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50th Anniversary Celebration Continues
November 1, 2022
All within the legal community have a professional responsibility not only to their clients but to the public at large. Even those who are not judges or elected officials hold a position of public trust. With all that our legal education and experience has afforded each of us, it is imperative that we do not take lightly our obligation to uphold ethical standards. 

When we become members of the bar, we also owe that same rectitude to one another and to the honor of our vocation. Pennsylvania’s sources of disciplinary authority, which include The Pennsylvania Rules of Disciplinary Enforcement, The Rules of Professional Conduct, and Disciplinary Board Rules and Procedures, serve as a guiding star for honest, ethical practice of law, further strengthening the profession.

Article V of the Pennsylvania Constitution provides that the Supreme Court of Pennsylvania has the inherent and exclusive jurisdiction over the practice of law. By its Order dated March 21, 1972, the Supreme Court established the Disciplinary Board to regulate attorney conduct and thereby protect the public, maintain the integrity of the legal profession, and safeguard the reputation of the courts. This month, we celebrate the historic fifty years since the Rules of Disciplinary Enforcement became effective on November 1, 1972. Since the Board’s creation, exemplary conduct and law practice remain the lynchpin of the Board’s mission and work.

Stay well,

Jerry M. Lehocky
Board Chair
Celebrating Another Milestone

On March 21, 2022, the Disciplinary Board celebrated its fiftieth anniversary. By Order of the Supreme Court of Pennsylvania dated March 21, 1972, the Board was established to regulate attorney conduct. Attorney discipline in Pennsylvania, as in most states, has not always been administered by a statewide disciplinary body. Prior to 1972, attorney discipline was largely under the jurisdiction of county courts and bar associations.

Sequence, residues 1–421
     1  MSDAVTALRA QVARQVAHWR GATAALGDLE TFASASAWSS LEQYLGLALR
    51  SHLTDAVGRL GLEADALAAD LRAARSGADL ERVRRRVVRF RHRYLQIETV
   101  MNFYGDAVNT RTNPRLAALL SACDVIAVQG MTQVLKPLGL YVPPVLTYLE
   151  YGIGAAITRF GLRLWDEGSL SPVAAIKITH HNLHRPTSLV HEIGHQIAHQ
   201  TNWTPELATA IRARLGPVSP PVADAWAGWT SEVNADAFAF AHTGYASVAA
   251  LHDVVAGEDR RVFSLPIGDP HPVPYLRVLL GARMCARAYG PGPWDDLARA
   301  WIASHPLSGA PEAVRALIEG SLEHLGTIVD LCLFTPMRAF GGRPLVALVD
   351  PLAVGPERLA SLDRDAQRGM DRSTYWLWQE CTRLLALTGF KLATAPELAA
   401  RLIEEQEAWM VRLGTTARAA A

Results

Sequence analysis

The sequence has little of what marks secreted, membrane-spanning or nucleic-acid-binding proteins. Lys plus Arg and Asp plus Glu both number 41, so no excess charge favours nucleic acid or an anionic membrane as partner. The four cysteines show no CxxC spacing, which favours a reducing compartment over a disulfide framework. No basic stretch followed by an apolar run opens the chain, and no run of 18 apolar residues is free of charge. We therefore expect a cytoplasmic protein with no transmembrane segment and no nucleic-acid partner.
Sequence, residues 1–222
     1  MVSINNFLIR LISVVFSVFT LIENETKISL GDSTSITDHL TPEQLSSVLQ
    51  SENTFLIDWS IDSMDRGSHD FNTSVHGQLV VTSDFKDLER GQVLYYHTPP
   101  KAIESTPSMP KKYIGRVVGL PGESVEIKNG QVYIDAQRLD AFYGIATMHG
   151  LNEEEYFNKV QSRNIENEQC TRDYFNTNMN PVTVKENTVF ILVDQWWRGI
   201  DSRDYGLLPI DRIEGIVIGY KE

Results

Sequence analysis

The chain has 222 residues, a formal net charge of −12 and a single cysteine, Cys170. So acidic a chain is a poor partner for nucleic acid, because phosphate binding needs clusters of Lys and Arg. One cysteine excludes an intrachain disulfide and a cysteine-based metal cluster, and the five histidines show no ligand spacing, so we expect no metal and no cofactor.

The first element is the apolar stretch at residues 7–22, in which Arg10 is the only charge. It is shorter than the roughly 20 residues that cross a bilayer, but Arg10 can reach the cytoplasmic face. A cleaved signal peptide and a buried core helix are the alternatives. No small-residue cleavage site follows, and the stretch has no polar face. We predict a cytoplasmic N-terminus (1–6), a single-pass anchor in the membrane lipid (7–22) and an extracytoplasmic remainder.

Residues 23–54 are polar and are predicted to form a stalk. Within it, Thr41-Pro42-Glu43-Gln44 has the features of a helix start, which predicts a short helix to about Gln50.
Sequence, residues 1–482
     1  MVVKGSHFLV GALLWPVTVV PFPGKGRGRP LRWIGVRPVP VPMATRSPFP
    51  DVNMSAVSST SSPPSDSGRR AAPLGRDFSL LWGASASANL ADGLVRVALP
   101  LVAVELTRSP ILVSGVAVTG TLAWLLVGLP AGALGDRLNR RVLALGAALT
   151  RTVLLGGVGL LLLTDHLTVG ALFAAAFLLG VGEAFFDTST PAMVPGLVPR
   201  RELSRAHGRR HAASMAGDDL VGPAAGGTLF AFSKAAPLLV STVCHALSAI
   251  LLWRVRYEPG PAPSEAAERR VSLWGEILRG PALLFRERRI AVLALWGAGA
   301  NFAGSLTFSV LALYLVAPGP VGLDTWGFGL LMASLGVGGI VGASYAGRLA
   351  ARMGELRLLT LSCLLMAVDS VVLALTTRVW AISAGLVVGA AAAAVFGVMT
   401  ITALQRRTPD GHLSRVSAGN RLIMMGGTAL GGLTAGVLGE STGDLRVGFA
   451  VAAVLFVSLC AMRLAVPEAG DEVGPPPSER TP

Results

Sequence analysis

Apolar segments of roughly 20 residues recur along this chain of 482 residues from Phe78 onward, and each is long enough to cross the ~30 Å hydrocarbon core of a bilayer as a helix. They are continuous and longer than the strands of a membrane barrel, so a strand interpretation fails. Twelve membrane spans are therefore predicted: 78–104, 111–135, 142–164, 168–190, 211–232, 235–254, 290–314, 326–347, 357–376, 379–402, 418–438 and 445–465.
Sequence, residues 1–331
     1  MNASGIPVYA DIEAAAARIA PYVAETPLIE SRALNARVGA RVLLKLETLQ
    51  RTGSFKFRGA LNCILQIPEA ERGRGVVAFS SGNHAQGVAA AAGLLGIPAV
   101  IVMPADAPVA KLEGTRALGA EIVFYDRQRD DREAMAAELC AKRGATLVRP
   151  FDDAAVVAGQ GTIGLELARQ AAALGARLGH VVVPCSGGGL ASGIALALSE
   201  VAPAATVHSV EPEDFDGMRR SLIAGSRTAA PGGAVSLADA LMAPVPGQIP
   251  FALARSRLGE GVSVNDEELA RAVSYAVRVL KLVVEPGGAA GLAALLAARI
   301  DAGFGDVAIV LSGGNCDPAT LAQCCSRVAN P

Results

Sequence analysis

During this Golden Anniversary year, the Board honors a second milestone. The Court’s March 21, 1972 Order adopted The Pennsylvania Rules of Disciplinary Enforcement, effective November 1, 1972. In the five decades since the Board
first enforced its Code of Professional Responsibility, it has prudently developed and evolved its sources of disciplinary authority to better serve its mission to protect the public, maintain the integrity of the legal profession, and safeguard the reputation of the courts.
A Look Back...

Adoption of Sources of Disciplinary Authority

On November 1, 2022, the Disciplinary Board of the Supreme Court of Pennsylvania celebrates the 50th anniversary of the day its mission to serve the public by regulating the legal profession began.

On March 21, 1972, the Supreme Court of Pennsylvania entered an order adopting the first version of the Pennsylvania Rules of Disciplinary Enforcement. Those rules ran to about 7800 words in length, compared to over 43,000 for the current rules. But the basic structure of the current disciplinary system is all set forth. Rule 17-5 created the Disciplinary Board with nine members, all of whom had to be lawyers. Justice Manderino dissented from the order, objecting to the lack of nonlawyer representation. The Board has since expanded to twelve members, including two nonlawyer representatives. Rule 17-2 designated the four disciplinary districts that still exist. Rule 17-6 provided for hearing committees to hear cases and review recommendations from counsel. Rule 17-7 established the Office of Disciplinary Counsel under the leadership of Chief Disciplinary Counsel appointed by the Board. Rule 17-19 mandated that the system be financed by annual assessments to be paid by each attorney admitted to practice ($25 at the time). The disciplinary system in Pennsylvania has continued to operate under this same structure for fifty years with many changes in procedures and practices.

The adoption of the Rules did not take place without controversy. A legal challenge argued that the provision of Rule 17-19 creating a mandatory fee structure was unconstitutional. But in the case of
Cantor v. Supreme Court of Pennsylvania, 353 F. Supp. 1307 (E.D. Pa. 1973), Judge Leon Higgenbotham upheld the fee requirement. He found that Lathrop v. Donohue, 367 U.S. 820 (1961), which approved a requirement of mandatory membership in the Wisconsin State Bar Association, conclusively validated the rule. 

The Order stated that the effective date of the Rules of Disciplinary Enforcement was to be July 1, 1972 and that all pending disciplinary matters were to be transferred to the Disciplinary Board as of that date. Sometimes things take longer to get set up than originally anticipated, and the effective date was later pushed back to November 1st. The Disciplinary Board has been in operation ever since.


The Evolution of Self-Regulation of the Bar